Well, it looks like that deal Yahoo struck with Mozilla is making a pretty significant difference in the U.S. search market. Obviously Google is still dominating by a very wide margin, but since the deal went into effect, Yahoo has reached its highest share of that market since 2009, while Google is down.
Do you think this will turn into a more meaningful change in the search market? Will Yahoo continue to gain some of its share back or do you expect this to just be a small blip? Share your thoughts in the comments.
This information comes from StatCounter, which says Google is at its lowest U.S. share since its been recording the data. The data is based on over 15 billion page views per month to over three million websites.
Late last year, Mozilla's long-time partnership with Google came to an end in the U.S. and in a handful of other countries. While Google has been the default search experience for a decade, obviously lending a great amount of queries to the search giant, that honor now goes to Yahoo in the U.S., Yandex in Russia, and Baidu in China. Google remains the default experience in other countries, but some of these could eventually change too.
“This is the most significant long-term partnership for Yahoo in five years,” a spokesperson for Yahoo told WebProNews in November, adding that the company would also be introducing an enhanced search experience for Firefox users, before launching it to others.
“In evaluating our search partnerships, our primary consideration was to ensure our strategy aligned with our values of choice and independence, and positions us to innovate and advance our mission in ways that best serve our users and the Web,” said Mozilla CEO Chris Beard. “In the end, each of the partnership options available to us had strong, improved economic terms reflecting the significant value that Firefox brings to the ecosystem."
Not only did Firefox switch default search engines in some countries, it added more options as well. In all, Firefox now has 61 different search providers pre-installed across 88 different language versions.
Shortly after the latest version of Firefox (34) became available, StatCounter shared data suggesting a quick 3x jump in Firefox searches with Yahoo.
Apparently things have been going pretty well with the partnership since then. Last month, Yahoo achieved its highest U.S. search share in over five years. Here's how the share looked between November and December.
It could actually be Bing, who is at risk of losing its ranking in terms of market share.
"The move by Mozilla has had a definite impact on US search," said StatCounter CEO Aodhan Cullen. "The question now is whether Firefox users switch back to Google."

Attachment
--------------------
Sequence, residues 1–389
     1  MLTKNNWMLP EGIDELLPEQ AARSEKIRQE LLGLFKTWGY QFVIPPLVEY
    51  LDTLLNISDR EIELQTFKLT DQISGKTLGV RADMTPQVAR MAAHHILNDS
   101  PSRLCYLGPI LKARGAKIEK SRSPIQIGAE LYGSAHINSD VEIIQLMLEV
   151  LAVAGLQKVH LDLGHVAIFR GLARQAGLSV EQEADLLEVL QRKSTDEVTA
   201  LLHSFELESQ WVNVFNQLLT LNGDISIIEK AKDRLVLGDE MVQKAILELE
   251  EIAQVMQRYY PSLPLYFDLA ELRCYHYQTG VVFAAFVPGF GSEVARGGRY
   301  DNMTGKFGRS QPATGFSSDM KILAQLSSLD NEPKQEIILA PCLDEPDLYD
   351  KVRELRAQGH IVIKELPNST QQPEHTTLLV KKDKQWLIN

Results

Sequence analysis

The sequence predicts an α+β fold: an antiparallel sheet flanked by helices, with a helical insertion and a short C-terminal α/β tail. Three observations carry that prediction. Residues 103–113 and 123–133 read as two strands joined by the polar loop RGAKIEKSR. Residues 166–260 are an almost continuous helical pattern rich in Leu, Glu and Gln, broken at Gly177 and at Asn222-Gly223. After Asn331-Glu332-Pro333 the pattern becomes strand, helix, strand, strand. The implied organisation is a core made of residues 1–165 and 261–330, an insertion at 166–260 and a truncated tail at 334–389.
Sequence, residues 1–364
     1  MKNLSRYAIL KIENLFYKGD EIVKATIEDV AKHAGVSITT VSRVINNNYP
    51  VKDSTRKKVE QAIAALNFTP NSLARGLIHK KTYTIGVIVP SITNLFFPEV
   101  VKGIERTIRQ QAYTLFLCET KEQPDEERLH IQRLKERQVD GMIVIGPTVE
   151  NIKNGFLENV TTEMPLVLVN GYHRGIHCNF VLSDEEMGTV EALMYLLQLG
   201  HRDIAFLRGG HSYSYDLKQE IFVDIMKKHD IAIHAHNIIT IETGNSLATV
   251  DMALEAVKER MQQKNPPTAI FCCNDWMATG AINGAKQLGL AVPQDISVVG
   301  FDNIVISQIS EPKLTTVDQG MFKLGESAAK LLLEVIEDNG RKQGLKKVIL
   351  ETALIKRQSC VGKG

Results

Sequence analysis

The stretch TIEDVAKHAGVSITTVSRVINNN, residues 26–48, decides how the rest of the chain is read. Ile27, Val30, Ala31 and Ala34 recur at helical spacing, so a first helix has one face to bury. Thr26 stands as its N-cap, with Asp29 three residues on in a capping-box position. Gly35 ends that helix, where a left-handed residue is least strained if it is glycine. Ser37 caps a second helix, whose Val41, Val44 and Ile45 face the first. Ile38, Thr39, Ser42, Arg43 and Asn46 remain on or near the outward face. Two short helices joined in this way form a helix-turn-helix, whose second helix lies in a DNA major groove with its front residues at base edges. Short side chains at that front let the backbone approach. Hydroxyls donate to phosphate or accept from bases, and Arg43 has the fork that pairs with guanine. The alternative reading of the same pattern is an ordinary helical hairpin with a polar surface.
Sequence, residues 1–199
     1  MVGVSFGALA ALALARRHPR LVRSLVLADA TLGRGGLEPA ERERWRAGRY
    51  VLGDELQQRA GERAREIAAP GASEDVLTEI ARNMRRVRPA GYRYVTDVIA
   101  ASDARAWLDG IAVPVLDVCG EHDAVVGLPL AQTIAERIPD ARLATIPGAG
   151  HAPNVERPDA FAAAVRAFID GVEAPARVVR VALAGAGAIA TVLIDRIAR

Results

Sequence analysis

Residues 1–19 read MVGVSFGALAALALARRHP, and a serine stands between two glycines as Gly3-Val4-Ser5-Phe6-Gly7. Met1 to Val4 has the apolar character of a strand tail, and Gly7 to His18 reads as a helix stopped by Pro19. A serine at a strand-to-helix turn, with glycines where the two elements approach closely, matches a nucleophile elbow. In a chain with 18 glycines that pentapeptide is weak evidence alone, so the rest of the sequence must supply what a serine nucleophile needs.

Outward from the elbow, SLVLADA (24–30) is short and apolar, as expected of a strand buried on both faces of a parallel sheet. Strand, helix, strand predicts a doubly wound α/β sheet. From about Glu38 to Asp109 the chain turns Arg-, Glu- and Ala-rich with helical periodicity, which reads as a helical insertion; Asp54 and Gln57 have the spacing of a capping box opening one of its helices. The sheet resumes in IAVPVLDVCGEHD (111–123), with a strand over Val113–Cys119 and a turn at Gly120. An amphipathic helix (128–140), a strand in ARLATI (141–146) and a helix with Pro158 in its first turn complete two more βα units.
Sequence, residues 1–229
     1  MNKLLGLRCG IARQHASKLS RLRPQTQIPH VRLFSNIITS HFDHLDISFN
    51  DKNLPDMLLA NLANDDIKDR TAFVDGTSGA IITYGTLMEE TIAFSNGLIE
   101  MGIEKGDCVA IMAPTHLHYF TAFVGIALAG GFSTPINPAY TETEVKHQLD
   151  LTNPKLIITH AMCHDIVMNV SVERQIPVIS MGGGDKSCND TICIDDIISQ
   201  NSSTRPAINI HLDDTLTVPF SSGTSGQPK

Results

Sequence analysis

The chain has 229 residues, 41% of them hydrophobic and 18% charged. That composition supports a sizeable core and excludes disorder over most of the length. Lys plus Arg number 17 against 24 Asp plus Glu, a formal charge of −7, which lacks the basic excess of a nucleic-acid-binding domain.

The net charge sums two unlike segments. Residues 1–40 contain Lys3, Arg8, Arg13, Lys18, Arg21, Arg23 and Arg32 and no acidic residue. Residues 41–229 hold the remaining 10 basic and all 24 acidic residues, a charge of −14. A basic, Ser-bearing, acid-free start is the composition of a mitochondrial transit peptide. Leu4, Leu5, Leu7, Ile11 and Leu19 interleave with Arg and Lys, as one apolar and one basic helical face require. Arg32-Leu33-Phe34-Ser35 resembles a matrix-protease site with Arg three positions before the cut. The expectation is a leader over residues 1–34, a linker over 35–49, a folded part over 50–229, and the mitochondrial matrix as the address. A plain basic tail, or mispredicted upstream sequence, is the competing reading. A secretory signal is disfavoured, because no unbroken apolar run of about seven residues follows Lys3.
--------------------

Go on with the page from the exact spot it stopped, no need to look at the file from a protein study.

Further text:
According to the company, Firefox users represented just over 12% of US internet usage in December. Yahoo is doing its part to bump that number up. Since the integration went into effect, Yahoo has been telling users on its homepage to upgrade to the new Firefox, regardless of what browser they're using. Even Chrome users, for example, see the message.
It's never been clearer how smart of a move it was on Google's part to build Chrome and make it arguably the best browser the web has to offer. It's also clear that it remains in the best interest of Google's business at large that Chrome remains the market leader. Purely from a search standpoint, it means it can keep a default Google experience for more users without worrying about expiring partnerships and changes of heart from partners.
Apple is another long-time partner who has been inching further and further away from Google. Apple's deal with Google, which sees Google as the default experience on Safari, expires this year, and both Yahoo and Microsoft are reportedly eager to step in as a replacement. It remains to be seen if Google will lose another major browser partnership. If Apple elects to go a different route, we can probably expect the company to make some significant improvements to Safari to help it better compete with Chrome.
In other Yahoo Search news, the Yahoo Directory, which basically put the company on the map, and was the Google of its day, is officially dead. Meanwhile, the company has added search to its Aviate Android app, enabling users to search apps, contacts, and the web from their homescreen. Yahoo acquired Aviate about a year ago.
Yahoo's most recent earnings report revealed that its search advertising business is outperforming its display business. While it's certainly making efforts to improve the display side of things, the Firefox deal should play a pretty significant role in boosting the search ad business even more.
Do you think Yahoo can make a significant impact in the search market after all these years? Let us know in the comments.
Images via StatCounter, Yahoo